The Directive contains several provisions which will stimulate an internationalisation, at least within the EU, of supervisory and monitoring regimes in the field of data protection. An important provision here is Art 28(6). This provides that member states' respective data protection authorities:
[Sigma] may exercise their powers in relation to a particular instance of data processing even when the national law applicable to the processing is that of another member state;
[Sigma] may be requested by another member state's authority to exercise their powers; and
[Sigma] are to "cooperate with one another to the extent necessary for the performance of their duties, in particular by exchanging all useful information".
The above provisions should entail relatively high levels of co-operation between national data protection authorities. They should also entail increased knowledge and expertise within each of these authorities of other member states' data protection laws.
Further, a Working Party on the Protection of Individuals with regard to the Processing of Personal Data (hereinafter termed "Data Protection Working Party") has been established pursuant to Art 29. This body is composed largely of representatives from each member state's data protection authority. It acts independently but has advisory competence only. Under Art 30, it is to aid the Commission by providing advice on: issues relating to the uniform application of national measures adopted pursuant to the Directive; data protection afforded by non-member states; possible changes to the Directive and other instruments affecting data protection; and codes of conduct drawn up at Community level.
On a more general note, sight should not be lost of the fact that data protection authorities are not alone in monitoring, encouraging and/or enforcing the implementation of data protection laws. A great number of other bodies are involved to varying degrees in one or more of the same tasks, even if their participation is not always formally provided for in data protection instruments. In the words of Charles Raab, data protection is "co-produced" through the interaction of a broad range of bodies and strategies.
On the international plane, notable examples of relevant bodies are the expert committees on data protection formed under the umbrella of the CoE and OECD. Within the EU, relevant bodies are the above-mentioned Data Protection Working Party, the Commission, and the Committee set up to assist the Commission under Art 31 of the EC Directive.
At a national level, obvious examples of relevant bodies are those charged with hearing appeals from the decisions of data protection authorities. Other examples are parliamentary committees, ombudsmen and national auditing offices. In some countries, such as New Zealand and Germany, data controllers themselves are required to appoint internal officers whose tasks are to monitor their respective organisations' compliance with data protection legislation and to function as contacts between the organisations and the data protection authorities.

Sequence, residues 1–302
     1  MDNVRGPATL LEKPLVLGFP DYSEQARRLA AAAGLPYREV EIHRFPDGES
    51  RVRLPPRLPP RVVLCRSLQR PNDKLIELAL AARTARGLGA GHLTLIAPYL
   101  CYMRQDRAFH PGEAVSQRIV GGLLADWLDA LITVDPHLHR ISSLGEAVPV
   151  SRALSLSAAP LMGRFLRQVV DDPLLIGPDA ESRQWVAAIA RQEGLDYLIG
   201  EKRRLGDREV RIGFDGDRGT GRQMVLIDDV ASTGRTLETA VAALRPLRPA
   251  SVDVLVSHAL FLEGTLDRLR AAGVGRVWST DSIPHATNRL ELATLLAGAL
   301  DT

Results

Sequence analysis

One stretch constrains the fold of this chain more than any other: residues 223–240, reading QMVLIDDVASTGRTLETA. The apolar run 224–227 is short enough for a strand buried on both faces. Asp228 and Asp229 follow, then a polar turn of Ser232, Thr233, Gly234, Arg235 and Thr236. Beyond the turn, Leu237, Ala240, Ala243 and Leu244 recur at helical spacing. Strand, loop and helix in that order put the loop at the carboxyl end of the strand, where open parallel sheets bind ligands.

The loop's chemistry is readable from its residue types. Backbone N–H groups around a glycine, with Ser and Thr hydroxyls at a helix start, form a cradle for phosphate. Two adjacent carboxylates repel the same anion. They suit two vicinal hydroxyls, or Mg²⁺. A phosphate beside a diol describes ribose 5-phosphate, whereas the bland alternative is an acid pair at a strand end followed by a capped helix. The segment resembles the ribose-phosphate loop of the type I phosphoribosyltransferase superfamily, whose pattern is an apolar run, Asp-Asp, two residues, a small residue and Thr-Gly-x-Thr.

Further, several countries' laws make specific provision for industries, professions, etc to draw up sectoral codes of conduct/practice on data protection in co-operation with data protection authorities. We are likely to see an increasing number of schemes for the development of such codes, given that Art 27 of the EC Directive requires member states and the Commission to "encourage" the drafting of sectoral codes of conduct, at national and/or Community level, in pursuance of implementing the measures contemplated by the Directive.
Most data protection laws lay down special rules to enhance the ability of data protection authorities to monitor the practices of data controllers. There are two main categories of such rules. The basic differences between these categories lie in the degree to which the data protection authority monitors data-processing activities before the latter begin, and the degree to which such monitoring involves formal authorisation of these activities.
One category requires data controllers simply to notify data protection authorities of certain planned processing of personal information. Upon notification, processing is usually allowed to begin. Most data protection laws, including the EC Directive (see below), operate with this sort of requirement, though the ambit of their respective notification schemes varies.
Occasionally, the notification requirement is, or has been, formalised as a system for registration. Under this sort of system, data controllers must, as a general rule, apply to be registered with the data protection authority, their registration being a necessary precondition for their processing of personal data. When applying for registration, a controller is to supply the authority with basic details of its intended processing operations. Once application for registration is lodged, the controller is legally able to begin processing.
The Directive requires that, as a general rule, data controllers or their representatives notify the authority concerned of basic information about "any wholly or partly automatic processing operation" they intend to undertake (Art 18(1)). Several derogations from this notification requirement are provided for in paras 2-4 of Art 18. With some exceptions, the types of information to be notified must include "at least": (a) the identity of the data controller and his/her/its representatives; (b) the purposes of the data processing; (c) the categories of data subject and data held on the latter; (d) the categories of recipients of the data; (e) proposed data transfers to third countries; and (f) a general description of adopted security measures for the data processing (Art 19(1)).
The second category of control/oversight scheme requires that data controllers must apply for, and receive, specific authorisation (in the form of a license) from the relevant data protection authority prior to establishing a personal data register or engaging in a particular data-processing activity. Only a minority of countries operate, or have operated, with comprehensive authorisation/licensing regimes. It has been more common that countries reserve a licensing requirement for for certain designated sectors of business activity, such as credit reporting, or for overseas transfers of personal data, or for the matching of such data.